Leiths School of Food and Wine

21 July 2014

Ten days ago I attended a two day course in food photography and styling at Leiths School of Food and Wine. For a while now I have been taking my own images for this blog, broadening my limited knowledge with online tutorials. It has taken me so far, but there is nothing that can match being in the company of someone who has made a success out of food photography. 
Food photographer William Reavell, who has worked on books with Mary Berry, Rick Stein, Antonio Carluccio, Sophie Grigson and Gizzi Erskine, to name but a few, led the course. Every aspect of food photography was covered; from the technical, which covered exposure, composition, lighting and angles, through to the creative side that tackled styling, plating up and propping images.
It was largely a practical course, which is frankly the only way to learn. The class worked in pairs taking it in turns to both style and photograph the food. On the first day we worked on salads and brownies and on the second day it was stir fries and meringues. We worked in one of the Leiths kitchens with a fantastic range of both produce and styling products at our disposal. I was like a kid in a sweet shop.
This post shows just a selection of the images I took during my time at Leiths. I must say, I did feel more at home styling and photographing the cakes, particularly once I saw that edible flowers were on hand. One thing that this course did unexpectedly provide me with was a definition of my style of work. Talking through my photography and styling with Bill, it became clear how I want to take my work forward visually. He provided me with lots of valuable advice which I intend to follow over the coming months. I can't wait to put it into practise now.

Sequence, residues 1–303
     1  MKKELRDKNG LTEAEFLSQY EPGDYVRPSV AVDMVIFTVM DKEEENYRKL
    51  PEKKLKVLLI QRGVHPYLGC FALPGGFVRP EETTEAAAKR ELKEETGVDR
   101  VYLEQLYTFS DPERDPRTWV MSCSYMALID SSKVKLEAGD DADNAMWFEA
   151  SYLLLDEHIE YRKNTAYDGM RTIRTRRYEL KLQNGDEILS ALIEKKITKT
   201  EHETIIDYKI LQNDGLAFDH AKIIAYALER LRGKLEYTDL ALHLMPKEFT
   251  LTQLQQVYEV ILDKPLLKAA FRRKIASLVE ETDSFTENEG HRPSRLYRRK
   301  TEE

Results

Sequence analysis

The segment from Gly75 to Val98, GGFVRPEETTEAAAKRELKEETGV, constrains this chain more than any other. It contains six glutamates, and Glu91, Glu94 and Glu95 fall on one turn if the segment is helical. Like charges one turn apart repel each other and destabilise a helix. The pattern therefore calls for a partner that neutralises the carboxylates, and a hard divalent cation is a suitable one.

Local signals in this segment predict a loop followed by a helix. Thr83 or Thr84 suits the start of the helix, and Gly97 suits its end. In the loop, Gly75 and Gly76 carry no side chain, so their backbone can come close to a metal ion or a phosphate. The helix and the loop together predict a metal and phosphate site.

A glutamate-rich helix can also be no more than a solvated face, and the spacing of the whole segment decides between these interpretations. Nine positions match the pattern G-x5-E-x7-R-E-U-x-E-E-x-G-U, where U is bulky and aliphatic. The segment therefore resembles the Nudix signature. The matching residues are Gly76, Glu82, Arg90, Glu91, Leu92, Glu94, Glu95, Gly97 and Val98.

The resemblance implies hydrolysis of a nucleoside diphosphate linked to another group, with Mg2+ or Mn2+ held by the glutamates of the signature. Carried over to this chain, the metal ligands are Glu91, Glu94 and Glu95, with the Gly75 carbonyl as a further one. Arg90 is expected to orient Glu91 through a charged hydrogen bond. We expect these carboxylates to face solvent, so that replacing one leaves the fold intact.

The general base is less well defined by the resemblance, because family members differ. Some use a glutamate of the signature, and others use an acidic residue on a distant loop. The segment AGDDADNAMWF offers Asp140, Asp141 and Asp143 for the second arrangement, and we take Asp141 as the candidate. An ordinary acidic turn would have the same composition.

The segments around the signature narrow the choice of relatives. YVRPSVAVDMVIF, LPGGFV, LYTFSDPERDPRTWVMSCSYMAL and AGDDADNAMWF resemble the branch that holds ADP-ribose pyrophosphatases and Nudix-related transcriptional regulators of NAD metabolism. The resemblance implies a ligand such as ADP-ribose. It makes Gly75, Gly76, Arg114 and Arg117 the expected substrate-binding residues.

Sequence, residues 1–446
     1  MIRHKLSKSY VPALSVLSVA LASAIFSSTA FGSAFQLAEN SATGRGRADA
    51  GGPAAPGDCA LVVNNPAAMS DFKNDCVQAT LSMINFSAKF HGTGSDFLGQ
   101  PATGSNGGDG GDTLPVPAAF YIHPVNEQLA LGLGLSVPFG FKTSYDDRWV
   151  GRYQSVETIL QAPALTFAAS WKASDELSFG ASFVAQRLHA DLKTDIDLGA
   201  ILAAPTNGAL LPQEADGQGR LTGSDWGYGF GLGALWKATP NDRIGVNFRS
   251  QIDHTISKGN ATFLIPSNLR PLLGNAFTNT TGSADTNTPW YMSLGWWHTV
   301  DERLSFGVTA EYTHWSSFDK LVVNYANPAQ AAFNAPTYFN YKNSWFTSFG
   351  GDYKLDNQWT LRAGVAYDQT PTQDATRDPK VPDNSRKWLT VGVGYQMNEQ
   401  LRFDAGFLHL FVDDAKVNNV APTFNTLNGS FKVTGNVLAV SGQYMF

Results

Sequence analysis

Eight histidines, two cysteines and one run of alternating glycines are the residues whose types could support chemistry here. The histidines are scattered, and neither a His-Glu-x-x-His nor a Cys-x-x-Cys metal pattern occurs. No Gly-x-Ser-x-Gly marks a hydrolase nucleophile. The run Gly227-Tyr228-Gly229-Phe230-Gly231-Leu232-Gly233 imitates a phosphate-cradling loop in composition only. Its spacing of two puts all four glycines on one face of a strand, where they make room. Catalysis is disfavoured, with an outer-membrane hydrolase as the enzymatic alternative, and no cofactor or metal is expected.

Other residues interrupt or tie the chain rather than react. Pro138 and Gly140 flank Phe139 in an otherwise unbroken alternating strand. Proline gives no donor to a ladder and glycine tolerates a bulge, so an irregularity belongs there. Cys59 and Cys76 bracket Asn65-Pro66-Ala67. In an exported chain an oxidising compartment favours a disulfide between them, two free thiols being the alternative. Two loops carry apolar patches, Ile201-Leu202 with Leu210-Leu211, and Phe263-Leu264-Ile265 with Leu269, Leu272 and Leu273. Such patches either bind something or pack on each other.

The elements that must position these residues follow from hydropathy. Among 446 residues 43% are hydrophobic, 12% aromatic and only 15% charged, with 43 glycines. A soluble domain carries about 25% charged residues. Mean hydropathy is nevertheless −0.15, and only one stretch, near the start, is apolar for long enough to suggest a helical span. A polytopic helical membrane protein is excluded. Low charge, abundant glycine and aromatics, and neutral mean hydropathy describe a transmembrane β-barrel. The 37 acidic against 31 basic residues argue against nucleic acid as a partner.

A Blueberry Cake {and some new napkins}

10 July 2014

I made this Blueberry Cake for the little local cafe that I supply on an adhoc basis. They requested
something summery and fruity, which is exactly what this cake is. You could easily replace the blueberries with other berries of your choice; raspberries would be a nice alternative.

You see those napkins in I used in the shot? Well, they were the result of a sewing challenge I recently undertook for Ikea. They sent me a sewing machine with all the basic kit and challenged me to produce a set of napkins using one of their new (free) in-store craft patterns. Once I'd selected my fabric (also Ikea), I set to work and just under 90 minutes later I had a brand spanking new set of six napkins. You can follow my challenge and read more about Ikea's free craft patterns over at Heart Home.

Blueberry Cake

175g soft butter
175g golden caster sugar
3 large eggs
225g self-raising flour
1 tsp baking powder
2 tsp vanilla extract
142ml carton soured cream
3 x 125g punnet of blueberries
200g tub Philadelphia cheese
100g icing sugar 
Preheat the oven to fan160C/ conventional 180C/GM 4 and butter and line the base of a loose-based 22cm round cake tin with non-stick baking paper.
Put the butter, sugar, eggs,flour, baking powder and vanilla in a bowl. Beat with a wooden spoon for 2-3 minutes, or with a hand electric beater for 1-2 minutes, until lighter in colour and well mixed. Beat in 4 tbsp soured cream, then stir in half the blueberries with a large spoon.
Tip the mixture into the tin and spread it level. Bake for 50 minutes until it is risen, feels firm to the touch and springs back when lightly pressed. Cool for 10 minutes, then take out of the tin and peel off the paper or lining. Leave to finish cooling on a wire rack.
To make the frosting, beat the soft cheese with the icing sugar and the remaining soured cream in a bowl until smooth and creamy. Spread over the top of the cooled cake (don’t be impatient as the frosting will melt if the cake is too warm) and scatter with the remaining blueberries or a mix of blueberries and other seasonal berries. Tip: If you want the icing a little thicker, let the frosting in the fridge for a while.